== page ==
*** Senate Judiciary Committee clears immigration bill: Despite everything else happening (IRS, the Oklahoma disaster, etc.), the immigration train keeps moving forward. By a 13-5 vote, the Senate Judiciary Committee on Tuesday approved the sweeping bipartisan immigration-reform legislation, which now heads to the Senate floor. Per NBC’s Carrie Dann, “Three Republicans -- Sens. Jeff Flake of Arizona, Lindsey Graham of South Carolina and Orrin Hatch of Utah -- joined the panel's 10 Democrats to vote in favor of the bill. Flake and Graham are both members of the bipartisan "Gang of Eight" that originally drafted the 844-page immigration legislation. Hatch's support was won after the Utah lawmaker secured changes to the bill's provisions for the hiring of high-skilled foreign workers.” But there also was some drama, Dann notes. “In an emotional moment shortly before final passage, committee chairman Patrick Leahy of Vermont announced that he would not call for a vote on an amendment that would have recognized the marriages of same-sex spouses in immigration law. Republicans in the bipartisan Gang of Eight said the LGBT measure would have broken apart the fragile coalition crafted by the bill's drafters.” The decision to pull the same-sex amendment only highlights the fact that Leahy wasn’t in charge of his own committee hearing; Chuck Schumer was.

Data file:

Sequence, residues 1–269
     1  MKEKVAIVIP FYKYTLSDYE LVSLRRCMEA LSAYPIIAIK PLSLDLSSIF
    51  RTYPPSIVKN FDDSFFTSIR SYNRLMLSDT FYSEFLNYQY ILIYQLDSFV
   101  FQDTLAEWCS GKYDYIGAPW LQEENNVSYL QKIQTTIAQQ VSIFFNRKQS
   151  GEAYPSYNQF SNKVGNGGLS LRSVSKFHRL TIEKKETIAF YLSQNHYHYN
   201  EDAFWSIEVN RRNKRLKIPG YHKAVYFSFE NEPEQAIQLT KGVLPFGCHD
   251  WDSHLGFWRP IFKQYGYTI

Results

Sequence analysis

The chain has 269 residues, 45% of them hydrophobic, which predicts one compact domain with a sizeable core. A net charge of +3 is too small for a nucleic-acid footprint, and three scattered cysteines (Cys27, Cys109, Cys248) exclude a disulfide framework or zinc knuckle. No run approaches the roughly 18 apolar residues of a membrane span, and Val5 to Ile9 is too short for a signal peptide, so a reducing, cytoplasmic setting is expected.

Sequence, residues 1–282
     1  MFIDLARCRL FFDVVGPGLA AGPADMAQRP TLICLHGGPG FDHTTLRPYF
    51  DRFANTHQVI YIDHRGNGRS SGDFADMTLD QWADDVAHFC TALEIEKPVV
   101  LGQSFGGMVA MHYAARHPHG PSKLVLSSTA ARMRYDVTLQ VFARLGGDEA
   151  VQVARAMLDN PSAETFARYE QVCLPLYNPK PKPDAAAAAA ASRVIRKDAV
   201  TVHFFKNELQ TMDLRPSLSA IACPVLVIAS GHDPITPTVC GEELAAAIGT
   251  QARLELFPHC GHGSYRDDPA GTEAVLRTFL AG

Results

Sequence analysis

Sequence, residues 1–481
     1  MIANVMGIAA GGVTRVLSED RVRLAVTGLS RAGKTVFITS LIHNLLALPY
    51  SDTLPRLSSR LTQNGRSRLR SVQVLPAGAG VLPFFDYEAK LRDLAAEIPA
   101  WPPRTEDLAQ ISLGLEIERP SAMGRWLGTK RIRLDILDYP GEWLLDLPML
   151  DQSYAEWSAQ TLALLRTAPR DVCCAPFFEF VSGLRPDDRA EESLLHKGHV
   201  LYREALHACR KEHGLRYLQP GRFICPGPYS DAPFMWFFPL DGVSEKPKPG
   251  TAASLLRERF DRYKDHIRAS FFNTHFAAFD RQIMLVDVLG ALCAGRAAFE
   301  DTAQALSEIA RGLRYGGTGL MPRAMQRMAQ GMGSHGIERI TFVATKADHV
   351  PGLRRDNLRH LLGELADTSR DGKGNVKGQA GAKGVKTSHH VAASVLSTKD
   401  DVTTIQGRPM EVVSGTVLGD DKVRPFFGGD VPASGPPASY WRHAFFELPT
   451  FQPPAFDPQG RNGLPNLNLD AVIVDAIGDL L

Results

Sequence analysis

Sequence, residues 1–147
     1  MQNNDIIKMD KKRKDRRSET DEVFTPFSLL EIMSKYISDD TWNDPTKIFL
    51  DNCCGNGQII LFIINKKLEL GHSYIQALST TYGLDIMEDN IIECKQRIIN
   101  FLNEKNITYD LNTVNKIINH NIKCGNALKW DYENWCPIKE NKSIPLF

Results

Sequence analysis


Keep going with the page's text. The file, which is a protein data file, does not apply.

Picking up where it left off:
*** NYT: The number of drone strikes decline: A day before Obama’s speech on national security at the National Defense University, the New York Times reports that the number of drone strikes overseas has declined. “Strikes in Pakistan peaked in 2010 and have fallen sharply since then; their pace in Yemen has slowed to half of last year’s rate; and no strike has been reported in Somalia for more than a year.” We expect that the president will discuss the drone wars, as well the Guatanamo Bay prison. But it would also be a smart place for Obama to discuss and either defend, denounce, or explain the Justice Department tough actions against national-security leaks, which seem to have infringed on press freedoms. If he fails to use tomorrow’s speech to deal with the press’ growing anger about the targeting of individual journalists, it could be a missed opportunity.